Who says the options are limited? Not this family.
Exactly two years ago, Drug Topics published Pete Kreckelâs account of the many pathways in pharmacy his family has followed. His generosity in giving back to the profession has brought him much recognition, including NCPAâs 2014 Preceptor of the Year award and the 2015 Alumni of the Year award from the University of Pittsburgh School of Pharmacy. Look for more stories drawn from his life in pharmacy in upcoming issues. By way of introduction, here is an update of his 2014 article.
Pete KreckelMy Dad was a welder who spent his free time welding garbage trucks for his buddy Kenny. My Grandpa was a blacksmith, who raised eight kids in a three-bedroom house. Our family background is full of men with callouses on their hands. So how did I end up in a white lab coat in pharmacy school in 1977?
Not sure I can tell you, but there I was. Next to me was a very cute and charming lab partner, Denise Kubitsky, who eventually became Mrs. Kreckel. No healthcare background in this guyâs pedigree. But it sure was the start of something.
The first position I landed upon graduation was with a large major chain store in a small town in Clearfield, Penn. The district manager was thrilled that I was interested in working there, since this was such a difficult store to staff.
Most pharmacists there were âdoing their timeâ until something opened up in Pittsburgh. After I was licensed and hauling in the big bucks ($12.85/hour), I quickly realized that the low staffing level did not lend itself to patient consultations. I remember telling Denise, âIf this is retail pharmacy, I made a serious mistake in choosing this career five years ago.â
Fifteen tech hours per week were not enough, but my district manager said to me, âPete, Iâve watched you practice, and if you quit spending time with the customers, you will have plenty of time to do our paperwork.â
I was ready to apply for a graduate program at Pitt so I could get a PhD and teach, when my mother-in-law called and said there were two openings in the Altoona area: one with the store Denise interned in, the other in a newly opened location in Tyrone, Penn.
When I called the owner to ask about the job, ready to send him that impressive resume, he answered, âAnyone married to Denise Kubitsky has to be all right. Can you start next week?â All my years of âresume buildingâ â class president for three years, president of the student council for two years â meant nothing in comparison to my wifeâs reputation.
We moved into the community and became part of it immediately. We got involved in our church, nursery school, and parochial school.
For the first 20 years or so, it was the same old, same old â¦ dispensing, counseling, managing inventory, the same gig all âbenchâ pharmacists know so well. My Lab Partner and I âcompoundedâ three offspring together, the oldest of whom eventually revealed her ambition to follow in our footsteps. The store grew into a hugely successful business, allowing me all along to build relationships and connect to my patients. I much enjoyed working for an independent âchain.â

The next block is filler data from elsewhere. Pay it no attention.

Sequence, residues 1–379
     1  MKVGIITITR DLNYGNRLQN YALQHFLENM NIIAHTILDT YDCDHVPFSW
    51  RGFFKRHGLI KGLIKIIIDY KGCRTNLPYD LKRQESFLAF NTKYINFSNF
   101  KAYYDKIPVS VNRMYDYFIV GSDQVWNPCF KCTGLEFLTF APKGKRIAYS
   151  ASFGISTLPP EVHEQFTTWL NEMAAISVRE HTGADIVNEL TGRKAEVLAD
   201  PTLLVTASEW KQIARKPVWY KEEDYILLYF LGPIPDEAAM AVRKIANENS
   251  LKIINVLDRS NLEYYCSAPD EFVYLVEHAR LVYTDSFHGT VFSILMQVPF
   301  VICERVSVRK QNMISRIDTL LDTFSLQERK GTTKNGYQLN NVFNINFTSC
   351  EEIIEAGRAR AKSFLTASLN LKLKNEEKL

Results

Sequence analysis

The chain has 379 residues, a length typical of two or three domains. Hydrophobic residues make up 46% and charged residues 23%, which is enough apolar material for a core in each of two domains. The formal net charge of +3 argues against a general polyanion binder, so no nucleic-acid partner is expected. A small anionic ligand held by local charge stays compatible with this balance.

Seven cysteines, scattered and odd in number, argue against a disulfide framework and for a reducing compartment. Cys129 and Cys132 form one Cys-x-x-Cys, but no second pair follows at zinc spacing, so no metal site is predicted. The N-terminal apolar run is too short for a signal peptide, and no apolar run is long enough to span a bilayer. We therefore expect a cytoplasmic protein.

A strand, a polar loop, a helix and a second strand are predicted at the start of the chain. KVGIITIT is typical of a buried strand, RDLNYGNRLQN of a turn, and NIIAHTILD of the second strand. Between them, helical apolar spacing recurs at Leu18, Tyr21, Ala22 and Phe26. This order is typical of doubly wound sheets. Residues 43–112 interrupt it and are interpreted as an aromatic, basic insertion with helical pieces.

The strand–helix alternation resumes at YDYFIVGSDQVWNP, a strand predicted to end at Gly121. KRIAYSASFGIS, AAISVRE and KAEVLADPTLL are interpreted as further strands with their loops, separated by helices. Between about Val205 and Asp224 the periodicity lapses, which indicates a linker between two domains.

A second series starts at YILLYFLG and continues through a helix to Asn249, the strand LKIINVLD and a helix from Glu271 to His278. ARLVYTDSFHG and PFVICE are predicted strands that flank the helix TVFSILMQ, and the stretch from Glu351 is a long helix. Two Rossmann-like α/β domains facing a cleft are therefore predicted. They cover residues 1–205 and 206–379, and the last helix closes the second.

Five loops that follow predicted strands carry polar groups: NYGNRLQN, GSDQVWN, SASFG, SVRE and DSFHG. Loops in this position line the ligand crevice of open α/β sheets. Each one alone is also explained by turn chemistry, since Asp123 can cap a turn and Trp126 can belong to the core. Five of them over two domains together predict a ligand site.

Pete Kreckel (right), 2015 recipient of the University of Pittsburgh School of Pharmacy's Distinguished Alumni Award, with son-in-law Mark Garofoli, daughter Gretchen K. Garofoli, and wife, Denise K. Kreckel.
(Photo courtesy of John Columbo/University of Pittsburgh School of Pharmacy)
A phone call came from a colleague (actually the guy who brought us to Central Pennsylvania in 1981) letting us know that a teaching position at St. Francis University had opened up. Teaching pharmacology sounded easy for a seasoned retail pharmacist. I was interviewed by the eight faculty members and two students. Two other candidates also interviewed. I really connected well and landed the job.
Then the work began. No textbook, no previous notes. My didactic coordinator would hand me a list of goals/objectives and drugs to be covered. I remember that even âCognex/tacrineâ was on this list. Heck, I even had to update the list!
My Lab Partner and I spent every evening for a whole year down in the basement, creating lectures on subjects ranging from antibiotics to estrogens. To call the process âoverwhelmingâ would be an understatement.
About that time, Gretchen, my oldest daughter, was accepted into our alma materâs pharmacy school. Dr. Patricia Kroboth, the dean, pointed her out to the class of 100. âI had Gretchenâs mom, Denise, in my first clinical assignment at Pitt.â
After 25 years, Denise left the independent chain and headed to Geisinger Health System to manage a retail pharmacy in the clinic. A year later, I left and joined a four-store independent owned by Bill Thompson.
The previous 25 years had been great, but when the owner allowed nonpharmacists to make decisions that involved dispensing and work flow, and the focus shifted from prescriptions to giftware, I became dissatisfied.